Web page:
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Babywearing During Pregnancy: A Wrapper’s Perspective

I was in Taco Bell a couple of weeks ago—hey, some days I just embrace my pregnancy cravings—and put my 18-month old son up on my back to ease his temper tantrum when I noticed the eyes of every person in the place on me. Awkward! I was trying really hard to make us not a spectacle, but apparently failed miserably. It was only later that I realized that maybe a 9-month pregnant lady strapping a toddler to her back actually might be spectacle-worthy. I suppose that it isn’t something people see very often in our culture. After all, at 37 weeks of pregnancy most women are feeling big, moving is hard, and aches are abundant. Why and how would a very pregnant mom even do such a thing?

As a mom about to enter the world of two-under-two parenting, the reality is that I am a mom of two babies. Yes, my son walks. But, he still needs lots of cuddles, holding, comforting, etc. My lap is pretty full of belly these days and playing on the floor isn’t the most comfortable thing. So, if we can get in snuggles while I am standing—great! And, all the better if I can do that while on-the go, since I have a busy toddler who wants to go, go, go while being close to mama. Babywearing allows my son to still be the baby that he is while allowing me to do the things I need to do even with a big belly (and soon with a newborn).

Double Hammock Above a Second Trimester Belly

Wearing throughout the pregnancy has allowed me to build my strength gradually which means I can wear both now in the late third trimester and will have the strength to tandem wear both kids when after new baby is born. It’s like how when you lift weights, you start small and then get stronger and stronger. Nature and time have increased the poundage of my two precious “weights” over the past nine months allowing me to grow stronger.


Walking is one of my favorite ways to stay in shape, is well suited to pregnancy, and is the perfect babywearing activity. As with all exercise during pregnancy—heed what your body says and expect to only do about 80% for what you could pre-pregnancy, at most. I wear my son much less than I could two months ago. He weighs more each passing week and my body is working harder each passing week.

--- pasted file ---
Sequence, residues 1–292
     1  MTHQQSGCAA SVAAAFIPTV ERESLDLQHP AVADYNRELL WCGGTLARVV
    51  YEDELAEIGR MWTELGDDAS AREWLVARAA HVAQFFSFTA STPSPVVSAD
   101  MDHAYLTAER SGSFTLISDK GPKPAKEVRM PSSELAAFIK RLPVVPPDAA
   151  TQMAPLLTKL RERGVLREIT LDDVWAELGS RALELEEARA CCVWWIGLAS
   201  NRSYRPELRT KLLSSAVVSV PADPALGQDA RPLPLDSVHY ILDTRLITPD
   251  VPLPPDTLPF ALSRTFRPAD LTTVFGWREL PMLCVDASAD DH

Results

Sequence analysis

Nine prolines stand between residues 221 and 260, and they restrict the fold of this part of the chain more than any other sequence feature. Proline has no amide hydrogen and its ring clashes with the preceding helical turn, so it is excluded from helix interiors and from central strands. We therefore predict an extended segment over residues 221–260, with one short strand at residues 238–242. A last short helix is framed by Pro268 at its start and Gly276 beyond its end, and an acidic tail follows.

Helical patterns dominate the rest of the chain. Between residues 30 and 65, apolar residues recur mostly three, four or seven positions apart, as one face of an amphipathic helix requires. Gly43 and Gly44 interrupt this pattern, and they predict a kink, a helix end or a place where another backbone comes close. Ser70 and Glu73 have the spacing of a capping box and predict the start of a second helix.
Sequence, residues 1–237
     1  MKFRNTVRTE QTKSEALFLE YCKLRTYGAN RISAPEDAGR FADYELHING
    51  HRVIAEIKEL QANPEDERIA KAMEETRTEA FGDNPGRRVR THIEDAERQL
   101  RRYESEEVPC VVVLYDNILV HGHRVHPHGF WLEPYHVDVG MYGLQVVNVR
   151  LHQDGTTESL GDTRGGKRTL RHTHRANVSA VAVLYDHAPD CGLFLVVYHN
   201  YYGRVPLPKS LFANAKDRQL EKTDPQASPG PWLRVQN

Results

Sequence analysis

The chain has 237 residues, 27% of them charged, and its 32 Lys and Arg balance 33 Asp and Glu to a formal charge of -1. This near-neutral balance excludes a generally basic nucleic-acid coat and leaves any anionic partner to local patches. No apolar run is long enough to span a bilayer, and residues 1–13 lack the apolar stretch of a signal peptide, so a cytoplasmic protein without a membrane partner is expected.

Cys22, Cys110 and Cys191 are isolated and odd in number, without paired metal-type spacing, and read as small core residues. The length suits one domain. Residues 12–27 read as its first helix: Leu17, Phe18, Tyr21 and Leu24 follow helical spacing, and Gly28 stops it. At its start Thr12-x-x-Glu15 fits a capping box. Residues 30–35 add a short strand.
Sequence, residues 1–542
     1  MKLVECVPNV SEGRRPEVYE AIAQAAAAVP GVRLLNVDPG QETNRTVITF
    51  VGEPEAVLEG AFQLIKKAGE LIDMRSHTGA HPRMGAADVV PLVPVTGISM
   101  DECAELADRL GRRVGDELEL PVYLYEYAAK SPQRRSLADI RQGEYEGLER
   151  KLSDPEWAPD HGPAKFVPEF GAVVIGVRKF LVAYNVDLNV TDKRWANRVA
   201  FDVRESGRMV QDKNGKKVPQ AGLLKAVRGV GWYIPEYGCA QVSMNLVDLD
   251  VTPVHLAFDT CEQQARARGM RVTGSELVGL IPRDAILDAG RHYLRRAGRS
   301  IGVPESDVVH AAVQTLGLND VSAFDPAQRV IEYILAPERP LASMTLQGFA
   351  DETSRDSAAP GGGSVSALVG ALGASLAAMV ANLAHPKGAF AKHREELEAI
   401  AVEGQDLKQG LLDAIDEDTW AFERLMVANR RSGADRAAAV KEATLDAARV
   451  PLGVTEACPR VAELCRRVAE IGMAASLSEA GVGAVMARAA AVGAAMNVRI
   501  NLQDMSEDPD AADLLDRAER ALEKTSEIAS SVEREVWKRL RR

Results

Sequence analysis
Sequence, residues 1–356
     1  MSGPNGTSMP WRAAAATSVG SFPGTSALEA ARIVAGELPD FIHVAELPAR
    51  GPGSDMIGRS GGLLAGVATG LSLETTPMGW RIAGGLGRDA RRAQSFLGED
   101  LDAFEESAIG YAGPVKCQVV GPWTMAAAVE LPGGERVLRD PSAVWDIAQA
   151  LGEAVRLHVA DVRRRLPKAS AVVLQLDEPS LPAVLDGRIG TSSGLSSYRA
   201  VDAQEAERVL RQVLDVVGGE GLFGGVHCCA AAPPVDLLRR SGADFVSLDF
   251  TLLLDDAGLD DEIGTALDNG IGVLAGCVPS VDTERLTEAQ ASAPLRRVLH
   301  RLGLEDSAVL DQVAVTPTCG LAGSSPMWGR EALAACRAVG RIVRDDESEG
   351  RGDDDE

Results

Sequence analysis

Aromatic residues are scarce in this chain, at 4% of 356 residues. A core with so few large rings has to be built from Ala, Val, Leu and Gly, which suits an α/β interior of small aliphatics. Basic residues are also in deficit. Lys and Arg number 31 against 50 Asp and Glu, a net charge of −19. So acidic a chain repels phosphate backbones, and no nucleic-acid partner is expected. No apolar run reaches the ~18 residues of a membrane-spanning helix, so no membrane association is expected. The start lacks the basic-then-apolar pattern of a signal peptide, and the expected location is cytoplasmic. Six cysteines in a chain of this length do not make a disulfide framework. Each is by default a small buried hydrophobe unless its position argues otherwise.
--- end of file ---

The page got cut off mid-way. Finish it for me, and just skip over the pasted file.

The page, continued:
Now let’s move on to the how of wearing with a belly. I only wear using woven wraps—pregnant or not— and what I’ve learned about which carries work during pregnancy is that heeding the cues of my body is better than any particular rules. If it doesn’t feel good, don’t do it. Your body will tell you when a front carries are no longer a fit and it is time for just back carries. That might be four months in for some women, seven months for others, and sooner or later for still others.

 
 
Rucksack in the Early Third Trimester

Here are some of my preferences for back wrapping: a rucksack carry works well because it means there is no fabric across my belly, save for the knot, which I like to tie above my bump. I don’t find tying tietbetan comfortable, but other moms find that a great way to avoid uncomfortable pressure across the belly and to keep the knot away from the belly. I go with trying in the back or on the side to keep the knot from irritating me. Jordan’s Back Carry is another one that has ruck straps and avoids any pressure on the belly. My feelings on the double-hammock (DH) have varied. When I was nauseous, I couldn’t stand the pass that comes across the front and I stopped using the DH. At other times, I loved the supportiveness of the DH for my back, but loathed the way it felt across my belly, so I would place the front pass just across my chest versus over my whole torso. Very late in pregnancy, some days I really like for that front pass to go spread from top of my chest to bottom of my belly because it gives the belly a bit of snug support.
 
Each day, each wear, I go into wrapping ready to listen to my body—that goes for both picking a way to carry plus how long I will keep my son wrapped. Now that I am mere days from 40 weeks of pregnancy, I can only manage wearing my son for a few minutes at a time. But, I love that my months of “endurance training” have rendered me strong enough to respond when he asks to get on mommy’s back. He may not be the youngest baby anymore, but he is still my baby. Through these moments, I can keep relating to my son in a way that has been treasured by us both since he was born.

Almost there!

 

 

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About More Green for Less Green

Hi, I’m Pamm. Welcome to my little slice of the web! As a progressive Evangelical female pastor and crunchy homeschooling mom, I’m never quite what anyone expects of me. But, hey, that’s what makes blogging interesting, right? Join me as I try to wholeheartedly parent my three little boys, slowly fix up the trashed foreclosure we bought in 2009, and live simply.

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